Before examining Mr. Maban's arguments, there are two things worthy to be noticed. 1. He does not fairly state the question at issue, and the opinions of bis brethren who differ from him. 2. It is remarkable, that while he is contending for the doctrine of the actual attainment of perfect and permanent holiness in the present lise, as the secret and spring of higher devotedness, which he trusts he has bimself found, it was not that doctrine, but another, which put him in possession of the secret.
In respect to the question at issue, he thus states it: Is christian perfection attainable in this life? p. 25. No other question is blended with this, in its first statement. But on p. 35, in violation of the laws of just reasoning, there is an amendment introduced, with no previous notice: “We have the same evidence from Scripture that all Christians rnay, and that some of them will, attain to a state of entire sanctification in this life, that we have that they will attain to that state in heaven.”
This remark of the author, and the whole tenor of bis discourses, show that the main question in his mind is not the one first announced, but another, introduced ten pages afterwards.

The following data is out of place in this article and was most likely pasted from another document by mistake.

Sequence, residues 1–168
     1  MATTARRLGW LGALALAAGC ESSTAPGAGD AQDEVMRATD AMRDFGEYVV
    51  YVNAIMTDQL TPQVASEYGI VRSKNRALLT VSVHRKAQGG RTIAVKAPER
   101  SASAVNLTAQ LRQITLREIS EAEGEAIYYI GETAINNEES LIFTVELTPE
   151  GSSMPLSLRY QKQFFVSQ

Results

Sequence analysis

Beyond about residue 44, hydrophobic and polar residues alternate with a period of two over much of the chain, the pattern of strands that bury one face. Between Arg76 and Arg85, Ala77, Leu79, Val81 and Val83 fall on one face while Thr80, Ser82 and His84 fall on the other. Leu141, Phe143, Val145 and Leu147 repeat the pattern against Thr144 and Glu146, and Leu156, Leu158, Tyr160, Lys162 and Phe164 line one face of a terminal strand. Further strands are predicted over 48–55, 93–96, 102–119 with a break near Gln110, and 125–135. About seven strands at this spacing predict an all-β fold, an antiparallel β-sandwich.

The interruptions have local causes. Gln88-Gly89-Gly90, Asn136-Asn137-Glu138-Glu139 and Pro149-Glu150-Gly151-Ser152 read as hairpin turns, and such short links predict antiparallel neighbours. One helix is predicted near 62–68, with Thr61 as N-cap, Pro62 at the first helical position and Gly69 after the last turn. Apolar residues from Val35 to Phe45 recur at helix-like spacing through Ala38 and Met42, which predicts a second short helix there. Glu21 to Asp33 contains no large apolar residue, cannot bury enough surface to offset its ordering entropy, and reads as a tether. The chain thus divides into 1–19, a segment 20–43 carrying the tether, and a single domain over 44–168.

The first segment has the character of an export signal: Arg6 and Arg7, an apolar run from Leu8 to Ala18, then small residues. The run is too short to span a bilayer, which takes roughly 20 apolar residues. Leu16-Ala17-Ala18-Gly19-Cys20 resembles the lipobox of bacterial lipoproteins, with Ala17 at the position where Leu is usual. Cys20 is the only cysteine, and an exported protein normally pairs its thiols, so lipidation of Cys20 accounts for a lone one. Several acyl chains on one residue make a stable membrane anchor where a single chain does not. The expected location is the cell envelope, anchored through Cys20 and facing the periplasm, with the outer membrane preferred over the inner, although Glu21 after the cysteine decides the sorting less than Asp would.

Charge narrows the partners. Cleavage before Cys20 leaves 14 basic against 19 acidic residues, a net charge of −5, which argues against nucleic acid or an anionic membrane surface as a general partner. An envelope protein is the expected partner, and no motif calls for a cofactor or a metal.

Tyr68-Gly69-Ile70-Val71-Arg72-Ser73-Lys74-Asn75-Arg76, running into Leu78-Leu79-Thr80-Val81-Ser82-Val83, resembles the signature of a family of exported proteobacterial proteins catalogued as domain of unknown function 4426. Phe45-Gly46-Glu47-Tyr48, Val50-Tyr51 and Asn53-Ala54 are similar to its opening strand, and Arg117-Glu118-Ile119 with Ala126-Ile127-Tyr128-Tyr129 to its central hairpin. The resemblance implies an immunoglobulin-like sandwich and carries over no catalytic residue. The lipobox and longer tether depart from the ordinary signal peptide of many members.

Mr. Mahan makes the impression, by his mode of presenting and discussing the subject at first, that his brethren, who differ from him, disbelieve the attainableness of entire sanctification in this life. Now this doctrine is admitted on all hands. It was admitted by the Editor of the Evangelist in sonie strictures on Mr. Mahan's sermon when it first appeared in that paper.
It is freely admitted by Dr. Pond.
It has been the experience of the writer of this Article, both to preach and hear preached, the doctrine of the attainableness of perfect holiness. Some of the very arguments employed by Mr. Mahan are those employed by his brethren on the other side ; not however to show that any actually become perfect, but that Christians ought to be perfect, and to blush and be grieved for their short-comings. At the basis of every exhortation to be holy, lies the metaphysical truth that perfection in holiness is attainable.
It was due from Mr. Mahan to his brethren and to the cause of truth, to present, in the outset, the real question at issue ; to state what they believed and what they did not believe ; 10 show, if he could, that the distinction between attainableness and actual attainment is a groundless distinction. But instead of this, he has argued, professedly, in discourses second and third, the whole subject in debate, and considered objections, without a single remark on these important points. And in a fourth discourse, which is nothing more than an expansion of his second argument in Discourse II, he has only alluded to them in a passing manner, and bestowed on them a most inadequate notice of a page and a half; at the conclusion of which he says, that “the advocates of the common theory are sacredly bound to take the ground that the state under consideration is not attainable, in any appropriate sense of the term.” Is this fair and logical argument ? Is it not rather the manner of a sophist, and better adapted to build up a sect, than to advance the truth?